Rosehip Seed Oil & Jasmine Moisturizer 4

rosehip seed oil & jasmine moisturizer

Rosehip seed oil has gotten a lot of attention lately for its anti-aging moisturizing properties, but it’s far from a new discovery.  I originally posted on rosehip seed oil last year.

Back in 1983, researchers in Chile began studying it as a natural source of trans-retinoic acid, (vitamin A). If that sounds familiar, it’s because it’s known commercially as Retin-A.

Then in 1988, two researchers published a paper on the benefits of Rosehip Seed Oil after running tests on everything from burns, to surgical scars and sun damage.

The most interesting part to me, was the test they carried out using volunteers between 25 and 35 years old, who spent way too much time laying out on the beach!  It was the 80’s, when everyone seemed unaware of the fact that too much sun leads to prematurely wrinkled, leathery skin. Not to mention skin cancer.

Anyway, despite their young age, the volunteers already had some wrinkles and brown spots, and were well on their way to looking like the old lady from Something About Mary.

All the volunteers were all asked to use rosehip seed oil over a period of 4 months.

After 3 weeks, the researchers recorded noticeably fading brown spots and lessening of wrinkles. 

By the end of the 4 months, their skin was smoother, looked healthier, and the spots had nearly vanished.

(For reference, the paper is called Contributions to Identification and Application of Active Components Contained in Rosa Aff. Rubiginosa, by Dr Bertha Pareja, and Dr Horst KehI.)

I’ve been using rosehip seed oil somewhat sporadically over the past year now, and it’s definitely a great, non-greasy moisturizing oil. My one and only complaint is that it does not exactly smell like roses.

I’m not even sure how to describe the scent, except to say that it’s not…good. It actually reminds me of how daisies stink. So I came up with this new, improved moisturizer recipe, in order to have all the benefits of rosehip seed oil, but without the stinky-flower aroma.

What’s the use of having soft, beautiful skin if your boyfriend can’t stand to be near you? 😉


Rosehip Seed Oil & Jasmine Moisturizer 

Makes 2.5 oz

  • 2 Tbsp Rosehip Seed Oil
  • 0.8 oz Coconut Oil (organic, unrefined, expeller pressed, virgin)
  • 1 tsp Vegetable Glycerin
  • 0.5 oz Beeswax
  • 5 drops Jasmine essential oil



coconut oil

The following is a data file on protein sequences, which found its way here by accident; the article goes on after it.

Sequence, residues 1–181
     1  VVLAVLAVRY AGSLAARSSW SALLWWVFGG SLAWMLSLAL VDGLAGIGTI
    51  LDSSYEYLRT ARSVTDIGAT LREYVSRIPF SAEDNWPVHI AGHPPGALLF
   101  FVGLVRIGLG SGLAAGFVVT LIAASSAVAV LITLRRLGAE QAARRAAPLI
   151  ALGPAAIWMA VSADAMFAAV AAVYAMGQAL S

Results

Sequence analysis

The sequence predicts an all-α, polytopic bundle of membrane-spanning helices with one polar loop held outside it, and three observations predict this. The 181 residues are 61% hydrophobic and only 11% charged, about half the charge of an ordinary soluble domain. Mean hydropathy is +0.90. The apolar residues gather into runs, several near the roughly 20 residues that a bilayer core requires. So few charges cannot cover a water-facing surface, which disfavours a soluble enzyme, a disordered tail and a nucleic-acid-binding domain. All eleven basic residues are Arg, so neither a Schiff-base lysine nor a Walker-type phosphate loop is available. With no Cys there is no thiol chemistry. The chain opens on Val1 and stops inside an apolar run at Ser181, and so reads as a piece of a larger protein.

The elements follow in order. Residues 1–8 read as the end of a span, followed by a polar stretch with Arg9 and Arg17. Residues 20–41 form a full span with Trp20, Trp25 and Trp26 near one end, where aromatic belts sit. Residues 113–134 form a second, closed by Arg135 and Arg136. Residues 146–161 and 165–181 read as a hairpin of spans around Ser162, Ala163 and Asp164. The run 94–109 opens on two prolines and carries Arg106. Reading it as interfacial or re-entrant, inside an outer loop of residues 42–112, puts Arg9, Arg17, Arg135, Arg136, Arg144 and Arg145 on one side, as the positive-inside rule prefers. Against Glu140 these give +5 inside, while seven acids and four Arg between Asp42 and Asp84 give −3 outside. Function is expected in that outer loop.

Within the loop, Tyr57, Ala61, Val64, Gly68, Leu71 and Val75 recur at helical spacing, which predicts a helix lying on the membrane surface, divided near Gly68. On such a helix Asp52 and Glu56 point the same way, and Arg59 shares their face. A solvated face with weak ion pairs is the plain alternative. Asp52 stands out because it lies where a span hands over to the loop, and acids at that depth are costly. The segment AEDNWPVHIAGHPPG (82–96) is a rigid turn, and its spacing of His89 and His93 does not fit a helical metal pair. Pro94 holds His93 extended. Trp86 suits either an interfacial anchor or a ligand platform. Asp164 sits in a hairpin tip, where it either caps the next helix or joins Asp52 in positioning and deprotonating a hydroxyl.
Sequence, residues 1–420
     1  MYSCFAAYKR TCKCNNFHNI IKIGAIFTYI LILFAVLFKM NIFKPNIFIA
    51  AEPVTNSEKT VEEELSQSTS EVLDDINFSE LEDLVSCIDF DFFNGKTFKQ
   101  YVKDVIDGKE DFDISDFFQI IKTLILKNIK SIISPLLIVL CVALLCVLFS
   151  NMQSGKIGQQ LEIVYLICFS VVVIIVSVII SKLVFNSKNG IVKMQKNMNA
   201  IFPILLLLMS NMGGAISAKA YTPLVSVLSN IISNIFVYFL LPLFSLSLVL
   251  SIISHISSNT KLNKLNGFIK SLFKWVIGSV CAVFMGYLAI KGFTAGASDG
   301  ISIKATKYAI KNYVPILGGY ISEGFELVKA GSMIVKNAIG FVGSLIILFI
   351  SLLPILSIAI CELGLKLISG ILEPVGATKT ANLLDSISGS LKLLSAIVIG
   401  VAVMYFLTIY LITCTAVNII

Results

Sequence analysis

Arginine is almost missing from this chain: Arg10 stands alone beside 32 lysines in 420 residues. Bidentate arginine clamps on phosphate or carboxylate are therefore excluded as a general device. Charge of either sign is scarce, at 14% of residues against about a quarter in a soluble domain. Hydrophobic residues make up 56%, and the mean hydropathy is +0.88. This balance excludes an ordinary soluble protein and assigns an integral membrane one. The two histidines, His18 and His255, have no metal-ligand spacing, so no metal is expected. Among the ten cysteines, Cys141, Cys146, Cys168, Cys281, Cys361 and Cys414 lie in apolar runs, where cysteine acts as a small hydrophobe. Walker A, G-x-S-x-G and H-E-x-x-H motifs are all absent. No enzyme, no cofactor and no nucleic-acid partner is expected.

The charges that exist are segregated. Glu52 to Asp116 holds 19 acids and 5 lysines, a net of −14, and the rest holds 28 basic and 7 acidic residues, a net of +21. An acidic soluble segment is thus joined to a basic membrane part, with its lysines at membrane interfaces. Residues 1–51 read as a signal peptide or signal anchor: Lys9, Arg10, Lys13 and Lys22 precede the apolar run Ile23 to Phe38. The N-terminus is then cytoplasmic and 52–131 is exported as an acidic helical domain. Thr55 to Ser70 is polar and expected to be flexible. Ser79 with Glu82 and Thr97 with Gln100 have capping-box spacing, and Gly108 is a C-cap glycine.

In a wide-mouthed glass jar or measuring cup, add the beeswax, rosehip seed oil and coconut oil.

Fill a small pan halfway with water and place the glass jar inside. The water should come about half way up the jar.

pan and glass jar

Melt the beeswax, rosehip seed oil and coconut oil over medium low heat until the beeswax is completely melted. This only takes about 5-10 minutes.

In a separate bowl, mix vegetable glycerin and jasmine essential oil.

jasmine essential oil

Once completely melted, remove from heat and let the beeswax mixture cool for 5 minutes on a heat-proof counter.

cool beeswax

Blend in the glycerin & jasmine, and stir quickly until it melts together with the beeswax. Immediately pour into jar while still warm. (otherwise it will look lumpy and have air pockets)

Let the jar sit uncovered on the counter to cool (abut 1 hour) before putting on the lid.

rosehip seed oil & jasmine moisturizer

rosehip seed oil & jasmine moisturizer

rosehip seed oil & jasmine moisturizer

rosehip seed oil & jasmine moisturizer

rosehip seed oil & jasmine moisturizer

Look good, smell good!

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4 thoughts on “Rosehip Seed Oil & Jasmine Moisturizer

    • admin Post author

      I left out the rose water in this recipe for a couple reasons. (1) I like to experiment and switch up ingredients. (2) Rose water is still water, and will eventually grow bacteria if left long enough. I still like to use rose water, but only if I know I’m going to use up the lotion pretty quickly, in a couple weeks or so. Otherwise, if I want it to last long term, I avoid using any sort of water.